Pediatric nursing specialist Mary Muscari here asserts that childhood is much more than the years between infancy and adolescence: it is an essential time for the experiences that create happy and well-adjusted adults. In Let Kids Be Kids, Muscari identifies fourteen essential aspects of childhood that are often ignored and even threatened by today's society—including opportunities for unstructured play, a connection with nature, and the time to make joyful noise. An important resource for child health care professionals, Let Kids Be Kids will also be an invaluable guide for parents in their daily efforts to raise healthy children.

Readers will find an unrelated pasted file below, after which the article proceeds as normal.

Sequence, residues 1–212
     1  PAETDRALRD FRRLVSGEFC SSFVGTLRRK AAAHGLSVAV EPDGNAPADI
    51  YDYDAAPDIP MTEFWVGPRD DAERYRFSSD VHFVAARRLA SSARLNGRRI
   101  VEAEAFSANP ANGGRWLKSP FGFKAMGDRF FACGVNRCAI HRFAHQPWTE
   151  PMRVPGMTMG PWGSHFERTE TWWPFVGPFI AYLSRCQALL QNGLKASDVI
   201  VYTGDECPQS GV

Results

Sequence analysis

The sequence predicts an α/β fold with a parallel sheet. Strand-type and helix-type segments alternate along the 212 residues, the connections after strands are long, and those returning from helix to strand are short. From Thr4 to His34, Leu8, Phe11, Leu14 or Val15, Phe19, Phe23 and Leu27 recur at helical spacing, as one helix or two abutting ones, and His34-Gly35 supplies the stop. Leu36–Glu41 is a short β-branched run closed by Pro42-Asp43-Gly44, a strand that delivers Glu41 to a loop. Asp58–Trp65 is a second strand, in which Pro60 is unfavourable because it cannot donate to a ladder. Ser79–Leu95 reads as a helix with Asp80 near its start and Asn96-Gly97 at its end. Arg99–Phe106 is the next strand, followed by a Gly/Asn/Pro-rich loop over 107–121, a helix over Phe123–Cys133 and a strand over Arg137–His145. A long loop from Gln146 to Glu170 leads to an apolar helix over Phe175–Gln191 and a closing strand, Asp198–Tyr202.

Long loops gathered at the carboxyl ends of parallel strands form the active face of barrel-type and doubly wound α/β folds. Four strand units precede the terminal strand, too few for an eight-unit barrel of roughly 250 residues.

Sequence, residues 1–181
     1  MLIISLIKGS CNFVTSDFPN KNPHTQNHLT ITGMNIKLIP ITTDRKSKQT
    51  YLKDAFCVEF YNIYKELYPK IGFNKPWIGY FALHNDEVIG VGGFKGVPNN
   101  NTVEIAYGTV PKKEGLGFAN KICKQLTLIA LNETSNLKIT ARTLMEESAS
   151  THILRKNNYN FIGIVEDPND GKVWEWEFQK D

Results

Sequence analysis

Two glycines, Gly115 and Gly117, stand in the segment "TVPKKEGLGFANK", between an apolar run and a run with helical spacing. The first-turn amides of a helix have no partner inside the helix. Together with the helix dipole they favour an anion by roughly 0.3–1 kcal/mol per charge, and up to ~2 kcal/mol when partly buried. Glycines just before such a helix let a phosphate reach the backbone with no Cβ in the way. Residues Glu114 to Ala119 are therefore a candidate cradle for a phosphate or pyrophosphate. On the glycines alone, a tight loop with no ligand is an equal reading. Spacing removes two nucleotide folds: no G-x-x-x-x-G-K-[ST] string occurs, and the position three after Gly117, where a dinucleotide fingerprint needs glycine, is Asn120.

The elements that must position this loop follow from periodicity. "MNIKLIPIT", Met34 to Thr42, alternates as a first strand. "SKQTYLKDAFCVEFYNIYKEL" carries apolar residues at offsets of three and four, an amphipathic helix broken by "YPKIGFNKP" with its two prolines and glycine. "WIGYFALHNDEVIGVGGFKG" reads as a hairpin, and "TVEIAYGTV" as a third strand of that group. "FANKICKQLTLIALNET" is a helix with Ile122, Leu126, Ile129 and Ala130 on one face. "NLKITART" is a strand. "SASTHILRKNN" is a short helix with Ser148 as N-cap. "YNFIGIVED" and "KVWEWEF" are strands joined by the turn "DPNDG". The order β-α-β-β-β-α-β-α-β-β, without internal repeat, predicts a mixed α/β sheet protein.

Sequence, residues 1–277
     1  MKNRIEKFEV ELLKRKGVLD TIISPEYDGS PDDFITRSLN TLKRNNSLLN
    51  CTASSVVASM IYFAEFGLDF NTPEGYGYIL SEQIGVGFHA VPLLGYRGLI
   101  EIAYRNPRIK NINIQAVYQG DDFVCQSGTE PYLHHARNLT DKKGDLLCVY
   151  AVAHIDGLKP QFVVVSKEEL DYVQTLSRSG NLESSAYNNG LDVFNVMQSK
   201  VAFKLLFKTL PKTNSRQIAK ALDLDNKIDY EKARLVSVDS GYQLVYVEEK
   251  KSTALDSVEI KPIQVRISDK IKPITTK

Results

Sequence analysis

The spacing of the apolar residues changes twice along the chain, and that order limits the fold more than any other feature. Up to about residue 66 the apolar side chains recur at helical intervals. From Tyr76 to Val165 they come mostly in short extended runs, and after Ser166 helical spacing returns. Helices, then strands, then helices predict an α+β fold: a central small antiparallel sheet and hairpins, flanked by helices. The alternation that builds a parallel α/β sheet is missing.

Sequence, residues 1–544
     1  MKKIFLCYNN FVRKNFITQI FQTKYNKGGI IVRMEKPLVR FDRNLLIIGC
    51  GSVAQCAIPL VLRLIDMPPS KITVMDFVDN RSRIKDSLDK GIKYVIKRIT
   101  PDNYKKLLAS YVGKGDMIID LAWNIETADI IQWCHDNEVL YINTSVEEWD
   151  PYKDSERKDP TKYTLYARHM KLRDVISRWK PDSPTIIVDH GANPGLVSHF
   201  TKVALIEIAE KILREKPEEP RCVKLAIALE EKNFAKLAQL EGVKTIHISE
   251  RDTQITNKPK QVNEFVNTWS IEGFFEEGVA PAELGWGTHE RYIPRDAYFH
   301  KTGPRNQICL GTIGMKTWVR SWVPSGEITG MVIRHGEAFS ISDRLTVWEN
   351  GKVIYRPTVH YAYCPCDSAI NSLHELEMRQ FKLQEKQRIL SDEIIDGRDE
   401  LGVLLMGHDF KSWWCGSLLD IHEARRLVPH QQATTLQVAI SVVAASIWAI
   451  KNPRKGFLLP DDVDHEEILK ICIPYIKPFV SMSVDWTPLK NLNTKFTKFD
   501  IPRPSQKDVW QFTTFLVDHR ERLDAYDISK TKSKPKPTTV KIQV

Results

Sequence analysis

By providing teachers with a practical intervention program to prevent bullying in their schools, this book gives the reader tried and tested strategies to tackle a very challenging problem. Creating a safe school environment where pupils feel secure is increasingly difficult, but this book shows how to devise a strategy, put it into practice, measure its effectiveness and extend the good practice into the wider community. The involvement of young people is a key element of this process. With its roots firmly in practice, the book is based on a study of' common characteristics of schools that have successfully reduced bullying; case studies that show how change can be achieved; raising whole-school awareness of the problem; how to tackle bullying as a whole-school issue; involving the students and the student council; delivering in-service training to colleagues. Primary and secondary school teachers, the school management team, learning mentors, teaching assistants and governors will find the guidance clear and suggested approaches helpful.